Trade Talks – Asaph Hyman of Bonhams

Asaph Hyman, global head of Bonhams Chinese ceramics and works of art department Asaph Hyman is the newly-appointed global head of Bonhams’ Chinese ceramics and works of art and the director of Asian Art in London

What was the first antique that you ever acquired?
During my childhood in Jerusalem, I discovered Roman coins, bits of pottery figurines and shards of Herodian
pottery in a valley outside the Old City walls. When I came across the bronze seal of a Palestinian mukhtar (head of a village), dating from the late Ottoman period, in the same valley it inspired me to search out more among the Old City’s antique dealers. At the time, because no one seemed interested in them, they were cheap enough for me to buy with my pocket money.

Why, and when did you start in the business?
I studied law at the Hebrew University, Jerusalem and the New York University School of Law before starting a
career in law. I also have an MA in fine and decorative art from Sotheby’s Institute of Art in London where my thesis catalogued close to two million pieces imported by the English East India Companies during the Kangxi period, 1685 to 1722. I joined Bonhams’ Chinese art department in 2007 and was appointed director of Asian Art in London three years later.

My love of Chinese art came from the person who introduced it to me in 2004. I have always loved objects,
history and collecting, and China combines it all in being almost unique in its combination of geographical,
historical and cultural continuity, immense cultural productivity and innovation over the ages and great appreciation of its own history and the arts. Being trained as a lawyer allowed me to approach objects analytically, with attention to detail.

Who influenced you most when you started?
That would have to be Gordon Lang, one of the world’s foremost authorities of European and Asian ceramics,
who I met in 2004. Gordon, who sadly passed away in 2010, shared with me his wonderful enthusiasm for Chinese art, expertise and eye for detail. I have also been very fortunate to have learnt from colleagues, as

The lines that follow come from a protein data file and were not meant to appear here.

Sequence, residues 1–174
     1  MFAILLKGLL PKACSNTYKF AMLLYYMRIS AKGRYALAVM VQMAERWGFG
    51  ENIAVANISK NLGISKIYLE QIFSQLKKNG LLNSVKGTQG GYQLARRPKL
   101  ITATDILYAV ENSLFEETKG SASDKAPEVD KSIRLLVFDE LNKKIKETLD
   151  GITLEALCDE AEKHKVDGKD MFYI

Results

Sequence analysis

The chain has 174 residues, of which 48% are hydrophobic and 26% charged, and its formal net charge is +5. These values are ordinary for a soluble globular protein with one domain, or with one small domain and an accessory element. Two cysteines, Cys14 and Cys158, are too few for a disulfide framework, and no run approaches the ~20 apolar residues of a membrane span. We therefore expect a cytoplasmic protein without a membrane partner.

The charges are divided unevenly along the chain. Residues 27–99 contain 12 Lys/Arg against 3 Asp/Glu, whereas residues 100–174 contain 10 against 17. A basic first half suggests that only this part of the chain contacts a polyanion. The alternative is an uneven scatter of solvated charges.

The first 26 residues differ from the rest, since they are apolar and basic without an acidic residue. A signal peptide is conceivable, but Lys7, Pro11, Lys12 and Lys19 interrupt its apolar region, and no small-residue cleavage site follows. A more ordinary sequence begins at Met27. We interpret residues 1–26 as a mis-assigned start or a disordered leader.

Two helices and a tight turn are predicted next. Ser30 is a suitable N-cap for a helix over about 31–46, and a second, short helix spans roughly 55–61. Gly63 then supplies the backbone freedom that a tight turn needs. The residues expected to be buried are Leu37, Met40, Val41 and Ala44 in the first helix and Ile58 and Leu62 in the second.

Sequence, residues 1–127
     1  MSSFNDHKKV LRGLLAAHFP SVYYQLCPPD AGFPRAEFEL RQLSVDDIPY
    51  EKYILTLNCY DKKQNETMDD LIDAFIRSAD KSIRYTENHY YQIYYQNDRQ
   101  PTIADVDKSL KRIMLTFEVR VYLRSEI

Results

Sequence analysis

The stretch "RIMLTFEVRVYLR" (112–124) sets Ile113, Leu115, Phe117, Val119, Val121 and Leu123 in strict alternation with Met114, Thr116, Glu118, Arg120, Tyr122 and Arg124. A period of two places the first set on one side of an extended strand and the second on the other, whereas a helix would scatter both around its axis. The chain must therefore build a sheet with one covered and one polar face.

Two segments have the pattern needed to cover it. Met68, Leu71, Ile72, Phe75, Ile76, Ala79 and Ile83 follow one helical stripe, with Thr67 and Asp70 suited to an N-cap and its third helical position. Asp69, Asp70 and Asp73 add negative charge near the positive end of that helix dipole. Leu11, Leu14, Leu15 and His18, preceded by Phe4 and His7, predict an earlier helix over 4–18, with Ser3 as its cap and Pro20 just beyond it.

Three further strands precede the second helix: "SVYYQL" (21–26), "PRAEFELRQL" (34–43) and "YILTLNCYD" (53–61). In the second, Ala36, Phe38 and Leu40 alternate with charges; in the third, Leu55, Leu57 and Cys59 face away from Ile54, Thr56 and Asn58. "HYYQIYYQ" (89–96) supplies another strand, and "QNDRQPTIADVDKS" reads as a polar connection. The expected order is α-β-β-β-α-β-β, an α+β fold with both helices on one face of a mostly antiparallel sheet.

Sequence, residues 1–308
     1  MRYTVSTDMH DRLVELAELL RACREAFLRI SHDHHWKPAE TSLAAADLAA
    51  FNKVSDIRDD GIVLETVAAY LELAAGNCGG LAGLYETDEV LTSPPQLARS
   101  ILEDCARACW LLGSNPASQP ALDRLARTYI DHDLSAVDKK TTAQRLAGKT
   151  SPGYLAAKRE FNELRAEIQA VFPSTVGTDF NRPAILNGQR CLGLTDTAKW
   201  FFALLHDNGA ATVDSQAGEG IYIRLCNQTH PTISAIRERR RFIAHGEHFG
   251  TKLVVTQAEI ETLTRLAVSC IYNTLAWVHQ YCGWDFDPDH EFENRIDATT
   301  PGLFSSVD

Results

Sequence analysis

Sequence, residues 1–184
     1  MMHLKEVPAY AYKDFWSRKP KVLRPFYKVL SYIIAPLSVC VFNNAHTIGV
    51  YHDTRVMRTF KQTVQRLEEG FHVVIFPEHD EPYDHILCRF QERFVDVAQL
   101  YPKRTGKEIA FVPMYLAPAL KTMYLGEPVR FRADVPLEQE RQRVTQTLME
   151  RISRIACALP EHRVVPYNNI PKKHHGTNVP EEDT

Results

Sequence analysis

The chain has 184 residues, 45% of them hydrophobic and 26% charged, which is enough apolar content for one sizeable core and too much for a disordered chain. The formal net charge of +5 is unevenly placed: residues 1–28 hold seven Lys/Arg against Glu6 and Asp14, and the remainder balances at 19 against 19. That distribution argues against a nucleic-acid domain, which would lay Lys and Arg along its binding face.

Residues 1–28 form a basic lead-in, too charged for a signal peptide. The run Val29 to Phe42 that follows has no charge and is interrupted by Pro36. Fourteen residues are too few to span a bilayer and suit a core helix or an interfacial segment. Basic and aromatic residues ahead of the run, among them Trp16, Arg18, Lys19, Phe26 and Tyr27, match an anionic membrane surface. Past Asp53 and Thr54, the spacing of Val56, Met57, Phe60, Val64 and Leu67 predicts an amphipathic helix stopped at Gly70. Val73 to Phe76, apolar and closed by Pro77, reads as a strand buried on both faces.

Qianlong vase in Bonhams sale
The famille rose vase with a Qianlong seal mark that sold for £9m in 2011

well as distinguished dealers, including Roger Keverne, Giuseppe Eskenazi, Jules Speelman and Richard Marchant as well as many others to whom I am indebted for sharing their knowledge. I am also indebted to the many collectors and museums who opened their doors and shared their prized objects. And last, but not least, my wife Rachel, who was a senior specialist when I was a mere junior one.

What piece would you most like to find?
I have always been fascinated by objects which have direct connection not only to the Imperial Court but, personally, to the emperor. This, combined with great artistic beauty, superb craftsmanship and an unbroken provenance, would be a wonderful thing.

Best sale you have had at Bonhams?
The highest total we achieved to date is the November 2011 sale in London, with a record of over £24m, which
also included a single vase which was sold for about £9m.

What do you like most about today’s auction business?
Perhaps the best thing is the growing transparency and exposure due to the internet and social media.

What is the reference book you couldn’t live without?
There isn’t just one. I love books and the piles are growing.

What is your favourite non-antiques activity?
Hiking with my friends, visiting National Trust properties with my family, seeing new places and visiting  historical sites.

What single thing would improve the quality of your life?
More sun, please.

Bonhams’ next Asian art sale takes place at Knightsbridge on November 5-6, followed by Chinese Art on November 8. Asian Art in London runs from November 1-10.

This article is taken from the latest issue of Antique Collecting magazine – subscribe here to get Antique Collecting delivered to your door each month.

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